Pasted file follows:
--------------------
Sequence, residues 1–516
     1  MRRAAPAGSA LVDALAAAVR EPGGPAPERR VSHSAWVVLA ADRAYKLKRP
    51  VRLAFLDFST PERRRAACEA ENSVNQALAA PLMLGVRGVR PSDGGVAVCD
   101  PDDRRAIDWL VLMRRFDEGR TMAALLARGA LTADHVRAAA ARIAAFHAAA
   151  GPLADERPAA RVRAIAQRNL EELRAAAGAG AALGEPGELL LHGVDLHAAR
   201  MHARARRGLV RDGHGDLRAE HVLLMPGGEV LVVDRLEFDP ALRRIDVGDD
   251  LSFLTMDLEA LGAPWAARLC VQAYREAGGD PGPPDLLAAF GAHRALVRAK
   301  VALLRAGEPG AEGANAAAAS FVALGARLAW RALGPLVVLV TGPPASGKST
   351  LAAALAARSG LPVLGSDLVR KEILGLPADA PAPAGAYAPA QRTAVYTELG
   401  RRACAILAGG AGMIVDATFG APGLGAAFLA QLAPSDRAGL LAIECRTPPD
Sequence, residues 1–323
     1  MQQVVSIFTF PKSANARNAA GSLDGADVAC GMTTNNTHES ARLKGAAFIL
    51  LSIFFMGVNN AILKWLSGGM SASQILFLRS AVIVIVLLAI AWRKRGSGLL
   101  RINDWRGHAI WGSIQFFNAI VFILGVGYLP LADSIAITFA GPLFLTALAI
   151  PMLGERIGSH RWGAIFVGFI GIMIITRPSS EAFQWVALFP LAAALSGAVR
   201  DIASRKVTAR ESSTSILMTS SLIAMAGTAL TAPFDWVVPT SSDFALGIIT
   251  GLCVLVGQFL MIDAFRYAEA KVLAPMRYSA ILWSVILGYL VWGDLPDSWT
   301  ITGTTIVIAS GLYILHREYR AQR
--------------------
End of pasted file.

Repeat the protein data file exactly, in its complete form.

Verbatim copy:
Sequence, residues 1–516
     1  MRRAAPAGSA LVDALAAAVR EPGGPAPERR VSHSAWVVLA ADRAYKLKRP
    51  VRLAFLDFST PERRRAACEA ENSVNQALAA PLMLGVRGVR PSDGGVAVCD
   101  PDDRRAIDWL VLMRRFDEGR TMAALLARGA LTADHVRAAA ARIAAFHAAA
   151  GPLADERPAA RVRAIAQRNL EELRAAAGAG AALGEPGELL LHGVDLHAAR
   201  MHARARRGLV RDGHGDLRAE HVLLMPGGEV LVVDRLEFDP ALRRIDVGDD
   251  LSFLTMDLEA LGAPWAARLC VQAYREAGGD PGPPDLLAAF GAHRALVRAK
   301  VALLRAGEPG AEGANAAAAS FVALGARLAW RALGPLVVLV TGPPASGKST
   351  LAAALAARSG LPVLGSDLVR KEILGLPADA PAPAGAYAPA QRTAVYTELG
   401  RRACAILAGG AGMIVDATFG APGLGAAFLA QLAPSDRAGL LAIECRTPPD
Sequence, residues 1–323
     1  MQQVVSIFTF PKSANARNAA GSLDGADVAC GMTTNNTHES ARLKGAAFIL
    51  LSIFFMGVNN AILKWLSGGM SASQILFLRS AVIVIVLLAI AWRKRGSGLL
   101  RINDWRGHAI WGSIQFFNAI VFILGVGYLP LADSIAITFA GPLFLTALAI
   151  PMLGERIGSH RWGAIFVGFI GIMIITRPSS EAFQWVALFP LAAALSGAVR
   201  DIASRKVTAR ESSTSILMTS SLIAMAGTAL TAPFDWVVPT SSDFALGIIT
   251  GLCVLVGQFL MIDAFRYAEA KVLAPMRYSA ILWSVILGYL VWGDLPDSWT
   301  ITGTTIVIAS GLYILHREYR AQR